Download
slide1 n.
Skip this Video
Loading SlideShow in 5 Seconds..
The Iceman – A Cold Case Death (murder?) in the Tyrolean Alps Application of geological and biological forensic science PowerPoint Presentation
Download Presentation
The Iceman – A Cold Case Death (murder?) in the Tyrolean Alps Application of geological and biological forensic science

The Iceman – A Cold Case Death (murder?) in the Tyrolean Alps Application of geological and biological forensic science

361 Vues Download Presentation
Télécharger la présentation

The Iceman – A Cold Case Death (murder?) in the Tyrolean Alps Application of geological and biological forensic science

- - - - - - - - - - - - - - - - - - - - - - - - - - - E N D - - - - - - - - - - - - - - - - - - - - - - - - - - -
Presentation Transcript

  1. The Iceman – A Cold Case Death (murder?) in the Tyrolean Alps Application of geological and biological forensic science

  2. Location of the Body Location and general view of the discovery site.

  3. 23 September 1991. Recovery of the Tyrolean Iceman (Ötzi).

  4. Not knowing the importance of the find, parts of the corpse have been damaged before and during recovery.

  5. The Iceman was stored in a freezer at the University of Innsbruch, Austria.

  6. The Iceman’s survival kit: a flint stone knife and a copper ax.

  7. Arrow heads of flint stone, unfinished arrows, and a deerskin quiver.

  8. Ötzi (the Iceman) What can we learn about his life and death from his remains? An exercise in geological and biological forensic science.

  9. How did Ötzi perish?

  10. Preparing Ötzi for a CAT scan.

  11. Physical evidence An arrowhead was found embedded in his left shoulder. There was a cut in the palm of his right hand and into two of his fingers, damaging the tendons. It was inferred that he was holding a blade.

  12. DNA Tests Suggest Ötzi Died After Violent Fight But Not Alone • DNA tests conducted by molecular biologist Thomas Loy and his team (from the University of Queensland's Institute of Molecular Bioscience in Brisbane). • During their investigation they saw signs of trauma to Ötzi's body, including bruises (and cuts) on his abdomen (especially on his rib area), which (they concluded) indicates that he may have been beaten. • Samples were taken from the Iceman's antler-skinning tool, his stone-tipped knife, two of his arrows (one broken), his axe handle, and his goatskin coat. Using techniques devised especially for ancient DNA, the team found four different DNA sequences: one on the knife blade, two different sequences on one arrow, and a fourth on Ötzi's goatskin coat. (They also found a small tear in the coat which may have been the entry point of the arrowhead that was found embedded in his shoulder.)  • They interpreted these findings in this way:  • 1.The two different blood samples on the arrow may indicate that Ötzi killed two of his assailants and retrieved the arrow to use again. • 2. The blood on his coat may indicate that Ötzi carried a wounded friend on his shoulder for some distance. • According to Dr. Loy "On the basis of all my examinations, [Ötzi's] specialty was hunting the high alpine passes for ibex and possibly chamois which would have taken him into boundary conditions where other people would have disputed the territory. His gear was stacked up neatly. He didn't keel over, although he was probably tired, exhausted and hurt like hell."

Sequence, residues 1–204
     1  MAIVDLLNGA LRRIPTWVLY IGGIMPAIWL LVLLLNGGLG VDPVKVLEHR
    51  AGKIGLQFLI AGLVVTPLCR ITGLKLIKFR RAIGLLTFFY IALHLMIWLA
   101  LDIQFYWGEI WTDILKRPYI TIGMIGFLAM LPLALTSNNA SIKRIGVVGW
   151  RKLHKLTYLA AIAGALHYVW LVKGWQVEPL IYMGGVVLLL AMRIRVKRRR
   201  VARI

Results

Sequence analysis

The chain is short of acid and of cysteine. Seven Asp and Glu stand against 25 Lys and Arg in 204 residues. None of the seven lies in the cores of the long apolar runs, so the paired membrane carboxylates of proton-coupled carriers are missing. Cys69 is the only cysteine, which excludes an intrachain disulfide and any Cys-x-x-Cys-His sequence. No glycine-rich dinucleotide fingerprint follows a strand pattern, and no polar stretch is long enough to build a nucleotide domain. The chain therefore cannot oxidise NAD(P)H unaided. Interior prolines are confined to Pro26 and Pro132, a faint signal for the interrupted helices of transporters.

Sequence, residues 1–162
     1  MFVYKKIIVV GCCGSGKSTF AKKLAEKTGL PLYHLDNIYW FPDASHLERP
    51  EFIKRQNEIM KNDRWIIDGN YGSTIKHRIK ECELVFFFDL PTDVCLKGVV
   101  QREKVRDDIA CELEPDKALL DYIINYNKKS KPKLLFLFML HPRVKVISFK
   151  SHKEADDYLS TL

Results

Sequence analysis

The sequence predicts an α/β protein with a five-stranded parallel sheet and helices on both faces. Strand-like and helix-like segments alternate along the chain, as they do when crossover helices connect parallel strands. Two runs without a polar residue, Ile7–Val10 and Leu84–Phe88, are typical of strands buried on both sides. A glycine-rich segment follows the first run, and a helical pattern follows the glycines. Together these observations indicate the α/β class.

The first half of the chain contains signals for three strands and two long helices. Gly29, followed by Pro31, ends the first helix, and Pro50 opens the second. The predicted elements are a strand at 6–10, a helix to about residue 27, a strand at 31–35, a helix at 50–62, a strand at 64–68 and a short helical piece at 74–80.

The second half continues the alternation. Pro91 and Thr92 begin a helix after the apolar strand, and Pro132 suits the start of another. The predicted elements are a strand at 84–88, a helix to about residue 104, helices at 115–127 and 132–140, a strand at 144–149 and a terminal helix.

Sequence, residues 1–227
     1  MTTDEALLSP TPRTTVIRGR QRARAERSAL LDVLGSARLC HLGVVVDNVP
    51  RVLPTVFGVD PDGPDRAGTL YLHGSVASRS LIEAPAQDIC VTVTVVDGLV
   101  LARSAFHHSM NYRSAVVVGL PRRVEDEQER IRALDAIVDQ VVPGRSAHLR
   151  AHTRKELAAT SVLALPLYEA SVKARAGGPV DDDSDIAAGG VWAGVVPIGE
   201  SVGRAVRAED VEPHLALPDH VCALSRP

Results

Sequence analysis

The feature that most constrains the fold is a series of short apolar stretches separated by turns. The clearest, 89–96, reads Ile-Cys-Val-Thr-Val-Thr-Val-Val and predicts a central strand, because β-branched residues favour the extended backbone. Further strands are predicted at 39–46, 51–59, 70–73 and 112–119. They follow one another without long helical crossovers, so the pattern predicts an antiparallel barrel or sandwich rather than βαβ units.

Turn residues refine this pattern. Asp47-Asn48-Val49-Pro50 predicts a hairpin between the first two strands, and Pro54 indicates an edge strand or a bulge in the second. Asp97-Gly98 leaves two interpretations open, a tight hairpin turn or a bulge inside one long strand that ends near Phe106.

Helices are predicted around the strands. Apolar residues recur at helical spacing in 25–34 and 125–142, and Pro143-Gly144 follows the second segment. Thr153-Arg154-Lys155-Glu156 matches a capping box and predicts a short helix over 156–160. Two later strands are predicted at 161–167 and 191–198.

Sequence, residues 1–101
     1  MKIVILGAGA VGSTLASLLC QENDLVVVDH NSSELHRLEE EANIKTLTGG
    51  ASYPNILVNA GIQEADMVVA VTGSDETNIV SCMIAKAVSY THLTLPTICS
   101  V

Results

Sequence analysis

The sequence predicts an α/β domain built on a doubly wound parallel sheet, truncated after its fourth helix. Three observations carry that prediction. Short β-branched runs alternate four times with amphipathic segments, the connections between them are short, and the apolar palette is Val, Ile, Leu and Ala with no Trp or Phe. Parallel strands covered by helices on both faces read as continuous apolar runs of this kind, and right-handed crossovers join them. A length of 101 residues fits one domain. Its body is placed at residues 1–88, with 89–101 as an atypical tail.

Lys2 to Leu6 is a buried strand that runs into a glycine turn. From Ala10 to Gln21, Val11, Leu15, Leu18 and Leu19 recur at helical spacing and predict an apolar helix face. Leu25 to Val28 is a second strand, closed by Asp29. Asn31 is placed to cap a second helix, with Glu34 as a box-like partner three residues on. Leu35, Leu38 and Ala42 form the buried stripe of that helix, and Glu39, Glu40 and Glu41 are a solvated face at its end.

13. When did Ötzi die? An Application of C-14 Dating

  14. Where did Ötzi live?

  15. Biological evidence Three grains of Ostrya carpinifolia (Hophornbeam) pollen magnified 1600x. The majority of the pollen came from the hop hornbeam tree, which grows in a warm environment. The hop hornbeam tree blooms between March and June, and because the sperm inside the pollen grain, which normally decays after a short exposure to air or water, was still intact, it had to have been absorbed relatively soon after its release from the tree. The nearest stands of that tree could have grown to the south of the Hauslabjoch, at least five or six hours away by foot. The high valleys to the north are just too cold to sustain it. Wheat spiklets derived from Einkorn grain, stuck to the Iceman's clothing. The same material was found in the iceman’s intestine indicating that he had eaten a hard bread shortly before his death. The plant material came from an agricultural area.